Magnesium is a water-soluble mineral. If you are healthy and your kidneys work well, your kidneys will remove excess magnesium that your body does not need. What are the symptoms of too much magnesium? You may get cramps, feel nauseated, or have loose stools. If you take magnesium supplements, experts recommend taking no more than 350 milligrams per day. Check the labels of laxatives and antacids. These medications may contain magnesium and you could be taking in more of the mineral than you need. Thought rare, very high levels of magnesium may result in potentially life-threatening magnesium toxicity.
Get Strong Bones
One of the benefits of magnesium is it is involved in bone formation. It guards against bone loss, bone breaks, and the bone-thinning disease, osteoporosis. The mineral affects levels of parathyroid hormone and vitamin D, two other critical players for maintaining bone health. Adequate magnesium intake is associated with higher bone density in both men and women. Women who have osteoporosis have lower levels of magnesium than those who do not have the condition. More research is needed, but results of a small study suggest that postmenopausal women who took 290 milligrams of magnesium experienced less bone loss than those who did not take supplemental magnesium.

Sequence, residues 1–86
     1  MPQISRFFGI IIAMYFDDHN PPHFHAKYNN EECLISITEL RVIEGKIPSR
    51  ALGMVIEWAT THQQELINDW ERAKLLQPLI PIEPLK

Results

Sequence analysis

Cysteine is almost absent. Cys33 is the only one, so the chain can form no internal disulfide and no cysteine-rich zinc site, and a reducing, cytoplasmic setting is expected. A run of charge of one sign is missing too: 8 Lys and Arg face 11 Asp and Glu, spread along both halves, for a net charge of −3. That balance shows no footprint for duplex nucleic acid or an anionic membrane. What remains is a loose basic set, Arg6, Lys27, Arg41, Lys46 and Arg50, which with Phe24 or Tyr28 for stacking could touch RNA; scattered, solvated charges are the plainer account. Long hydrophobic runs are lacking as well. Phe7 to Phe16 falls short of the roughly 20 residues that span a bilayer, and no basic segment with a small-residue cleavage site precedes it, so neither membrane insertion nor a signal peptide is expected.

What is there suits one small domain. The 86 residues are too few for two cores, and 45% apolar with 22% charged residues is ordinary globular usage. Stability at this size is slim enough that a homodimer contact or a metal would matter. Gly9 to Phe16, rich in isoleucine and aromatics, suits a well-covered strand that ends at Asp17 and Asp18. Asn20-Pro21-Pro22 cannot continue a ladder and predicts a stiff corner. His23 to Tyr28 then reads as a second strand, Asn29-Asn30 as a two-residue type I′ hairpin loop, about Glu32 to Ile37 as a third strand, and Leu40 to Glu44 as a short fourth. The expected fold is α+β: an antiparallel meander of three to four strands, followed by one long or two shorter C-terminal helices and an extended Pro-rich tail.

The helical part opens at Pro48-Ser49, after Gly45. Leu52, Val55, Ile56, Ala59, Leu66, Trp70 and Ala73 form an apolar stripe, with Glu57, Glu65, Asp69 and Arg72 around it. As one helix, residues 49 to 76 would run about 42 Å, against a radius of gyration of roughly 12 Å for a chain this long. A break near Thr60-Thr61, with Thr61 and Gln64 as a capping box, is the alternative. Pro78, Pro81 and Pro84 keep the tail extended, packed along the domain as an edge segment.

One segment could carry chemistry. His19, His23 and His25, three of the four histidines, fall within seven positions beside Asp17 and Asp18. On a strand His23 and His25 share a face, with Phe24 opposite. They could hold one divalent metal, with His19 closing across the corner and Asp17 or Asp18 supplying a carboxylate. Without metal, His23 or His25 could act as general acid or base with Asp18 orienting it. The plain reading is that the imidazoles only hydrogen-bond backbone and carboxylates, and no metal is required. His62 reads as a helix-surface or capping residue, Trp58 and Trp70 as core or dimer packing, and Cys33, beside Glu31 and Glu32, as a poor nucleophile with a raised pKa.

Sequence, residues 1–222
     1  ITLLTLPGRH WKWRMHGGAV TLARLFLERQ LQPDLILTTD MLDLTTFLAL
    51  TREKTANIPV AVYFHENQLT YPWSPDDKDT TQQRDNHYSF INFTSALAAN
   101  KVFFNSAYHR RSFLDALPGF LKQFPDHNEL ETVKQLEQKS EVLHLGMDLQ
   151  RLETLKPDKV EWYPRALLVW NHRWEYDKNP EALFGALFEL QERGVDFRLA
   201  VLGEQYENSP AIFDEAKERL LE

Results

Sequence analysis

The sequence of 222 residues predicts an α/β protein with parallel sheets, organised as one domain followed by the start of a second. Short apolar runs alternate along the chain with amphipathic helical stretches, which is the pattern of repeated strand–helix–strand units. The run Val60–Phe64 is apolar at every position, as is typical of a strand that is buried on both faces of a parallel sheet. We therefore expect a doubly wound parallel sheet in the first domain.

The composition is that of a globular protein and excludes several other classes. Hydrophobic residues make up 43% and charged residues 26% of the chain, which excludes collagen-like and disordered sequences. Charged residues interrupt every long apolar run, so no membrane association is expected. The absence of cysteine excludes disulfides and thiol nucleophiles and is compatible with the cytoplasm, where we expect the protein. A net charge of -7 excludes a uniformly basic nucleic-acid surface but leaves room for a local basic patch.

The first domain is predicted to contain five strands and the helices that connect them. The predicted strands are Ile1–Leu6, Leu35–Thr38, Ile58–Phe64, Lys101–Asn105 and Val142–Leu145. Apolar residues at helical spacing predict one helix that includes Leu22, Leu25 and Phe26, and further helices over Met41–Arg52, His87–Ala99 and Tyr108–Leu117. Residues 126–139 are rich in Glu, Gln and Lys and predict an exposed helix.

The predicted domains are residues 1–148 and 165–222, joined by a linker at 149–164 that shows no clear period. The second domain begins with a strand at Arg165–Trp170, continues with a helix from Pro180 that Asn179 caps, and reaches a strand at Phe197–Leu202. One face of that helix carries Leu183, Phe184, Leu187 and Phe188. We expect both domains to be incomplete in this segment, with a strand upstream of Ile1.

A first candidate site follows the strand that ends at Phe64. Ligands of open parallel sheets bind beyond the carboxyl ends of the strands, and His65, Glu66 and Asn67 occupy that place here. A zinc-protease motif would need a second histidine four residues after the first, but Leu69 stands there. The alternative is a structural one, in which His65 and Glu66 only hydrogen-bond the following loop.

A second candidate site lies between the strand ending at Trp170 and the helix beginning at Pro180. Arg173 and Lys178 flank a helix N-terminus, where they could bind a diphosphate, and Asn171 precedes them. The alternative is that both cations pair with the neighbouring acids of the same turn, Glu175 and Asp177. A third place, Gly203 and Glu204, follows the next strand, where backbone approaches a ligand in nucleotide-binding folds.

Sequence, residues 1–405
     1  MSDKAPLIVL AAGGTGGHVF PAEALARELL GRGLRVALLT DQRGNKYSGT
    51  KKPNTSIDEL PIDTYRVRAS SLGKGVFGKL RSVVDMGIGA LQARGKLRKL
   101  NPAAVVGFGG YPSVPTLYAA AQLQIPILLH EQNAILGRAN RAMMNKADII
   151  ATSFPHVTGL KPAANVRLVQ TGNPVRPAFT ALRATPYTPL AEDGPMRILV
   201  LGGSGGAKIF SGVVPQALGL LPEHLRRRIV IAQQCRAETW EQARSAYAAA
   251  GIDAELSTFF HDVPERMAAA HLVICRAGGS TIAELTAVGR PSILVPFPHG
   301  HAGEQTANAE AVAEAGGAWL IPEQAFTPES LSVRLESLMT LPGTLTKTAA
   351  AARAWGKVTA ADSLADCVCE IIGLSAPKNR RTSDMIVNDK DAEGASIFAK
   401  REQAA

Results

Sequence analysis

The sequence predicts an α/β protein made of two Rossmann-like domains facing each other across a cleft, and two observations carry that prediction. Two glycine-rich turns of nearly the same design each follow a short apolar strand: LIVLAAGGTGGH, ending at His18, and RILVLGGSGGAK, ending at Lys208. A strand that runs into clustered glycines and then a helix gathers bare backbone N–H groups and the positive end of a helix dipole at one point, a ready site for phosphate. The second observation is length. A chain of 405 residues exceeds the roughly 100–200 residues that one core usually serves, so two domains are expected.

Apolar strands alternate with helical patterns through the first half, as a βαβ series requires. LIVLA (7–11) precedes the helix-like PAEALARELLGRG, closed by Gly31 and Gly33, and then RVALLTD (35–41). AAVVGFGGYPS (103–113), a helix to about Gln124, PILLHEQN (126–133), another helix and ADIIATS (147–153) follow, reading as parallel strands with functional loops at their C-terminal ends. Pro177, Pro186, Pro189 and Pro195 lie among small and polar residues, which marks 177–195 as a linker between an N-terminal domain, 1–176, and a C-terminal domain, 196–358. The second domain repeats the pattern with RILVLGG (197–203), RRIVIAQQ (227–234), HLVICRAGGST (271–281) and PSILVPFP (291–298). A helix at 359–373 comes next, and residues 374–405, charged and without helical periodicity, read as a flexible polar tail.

Inflammation is a normal response in the body that facilitates healing, but it can be harmful when it occurs in excess or at inappropriate times. Chronic inflammation has been linked to conditions like arthritis, heart disease, and diabetes. Results of studies suggest that low magnesium levels are associated with higher levels of inflammation. Getting adequate magnesium is one way to decrease inflammation and help reduce the risk of chronic conditions.
Protect Heart Health
Magnesium is necessary for the proper function of the heart. Adequate magnesium levels decrease the risk of heart disease, heart attack, and dangerous heart rhythms (arrhythmia). In studies, people who had the highest blood serum levels of magnesium were less likely to suffer from sudden cardiac death than those who had the lowest blood serum levels of the mineral. Magnesium benefits blood vessel walls by relaxing them, which then leads to lower blood pressure. It may even help boost "good" HDL cholesterol levels.
Low levels of magnesium are linked to the release of brain chemicals (neurotransmitters) and constriction of blood vessels in the brain that trigger migraines. Getting adequate magnesium may help reduce the frequency of debilitating migraines by an average of just a little more than 40 percent. Ask your doctor if taking 400 to 500 milligrams of supplemental magnesium per day is appropriate for you if you suffer from migraines.